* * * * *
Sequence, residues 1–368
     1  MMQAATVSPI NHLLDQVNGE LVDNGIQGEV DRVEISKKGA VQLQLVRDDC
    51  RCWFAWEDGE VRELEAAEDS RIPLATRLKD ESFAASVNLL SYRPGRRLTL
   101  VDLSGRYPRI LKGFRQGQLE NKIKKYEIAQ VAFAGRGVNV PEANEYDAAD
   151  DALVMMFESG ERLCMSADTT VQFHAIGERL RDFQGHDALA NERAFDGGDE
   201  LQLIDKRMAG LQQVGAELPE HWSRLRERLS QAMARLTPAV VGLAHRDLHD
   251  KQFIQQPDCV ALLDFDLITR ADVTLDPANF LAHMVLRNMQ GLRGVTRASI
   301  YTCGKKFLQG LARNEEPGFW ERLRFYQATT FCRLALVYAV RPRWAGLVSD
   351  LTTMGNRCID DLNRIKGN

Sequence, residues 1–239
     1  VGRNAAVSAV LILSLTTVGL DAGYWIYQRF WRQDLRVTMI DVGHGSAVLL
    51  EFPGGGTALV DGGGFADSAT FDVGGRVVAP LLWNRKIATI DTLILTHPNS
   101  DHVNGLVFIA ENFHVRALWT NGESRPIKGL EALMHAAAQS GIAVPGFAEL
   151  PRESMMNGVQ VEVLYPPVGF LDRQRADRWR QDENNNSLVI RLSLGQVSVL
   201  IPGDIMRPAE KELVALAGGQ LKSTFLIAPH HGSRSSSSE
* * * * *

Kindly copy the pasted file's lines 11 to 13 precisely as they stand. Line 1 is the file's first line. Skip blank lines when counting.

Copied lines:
     1  VGRNAAVSAV LILSLTTVGL DAGYWIYQRF WRQDLRVTMI DVGHGSAVLL
    51  EFPGGGTALV DGGGFADSAT FDVGGRVVAP LLWNRKIATI DTLILTHPNS
   101  DHVNGLVFIA ENFHVRALWT NGESRPIKGL EALMHAAAQS GIAVPGFAEL